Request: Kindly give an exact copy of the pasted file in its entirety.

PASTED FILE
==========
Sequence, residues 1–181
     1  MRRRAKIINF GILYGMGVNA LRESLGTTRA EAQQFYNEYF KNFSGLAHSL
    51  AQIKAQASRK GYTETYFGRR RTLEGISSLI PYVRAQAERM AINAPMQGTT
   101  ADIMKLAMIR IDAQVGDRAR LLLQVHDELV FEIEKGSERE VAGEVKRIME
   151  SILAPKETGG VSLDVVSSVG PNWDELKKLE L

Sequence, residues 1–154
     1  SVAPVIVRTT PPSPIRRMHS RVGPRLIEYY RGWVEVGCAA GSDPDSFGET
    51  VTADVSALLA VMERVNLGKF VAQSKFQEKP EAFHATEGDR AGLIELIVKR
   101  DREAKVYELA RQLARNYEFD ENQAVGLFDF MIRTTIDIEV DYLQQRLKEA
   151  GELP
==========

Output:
Sequence, residues 1–181
     1  MRRRAKIINF GILYGMGVNA LRESLGTTRA EAQQFYNEYF KNFSGLAHSL
    51  AQIKAQASRK GYTETYFGRR RTLEGISSLI PYVRAQAERM AINAPMQGTT
   101  ADIMKLAMIR IDAQVGDRAR LLLQVHDELV FEIEKGSERE VAGEVKRIME
   151  SILAPKETGG VSLDVVSSVG PNWDELKKLE L

Sequence, residues 1–154
     1  SVAPVIVRTT PPSPIRRMHS RVGPRLIEYY RGWVEVGCAA GSDPDSFGET
    51  VTADVSALLA VMERVNLGKF VAQSKFQEKP EAFHATEGDR AGLIELIVKR
   101  DREAKVYELA RQLARNYEFD ENQAVGLFDF MIRTTIDIEV DYLQQRLKEA
   151  GELP